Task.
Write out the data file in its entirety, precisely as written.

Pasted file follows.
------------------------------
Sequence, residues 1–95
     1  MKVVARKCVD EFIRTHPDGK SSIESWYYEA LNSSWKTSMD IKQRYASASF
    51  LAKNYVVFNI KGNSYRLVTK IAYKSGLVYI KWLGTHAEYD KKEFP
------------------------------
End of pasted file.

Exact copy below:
Sequence, residues 1–95
     1  MKVVARKCVD EFIRTHPDGK SSIESWYYEA LNSSWKTSMD IKQRYASASF
    51  LAKNYVVFNI KGNSYRLVTK IAYKSGLVYI KWLGTHAEYD KKEFP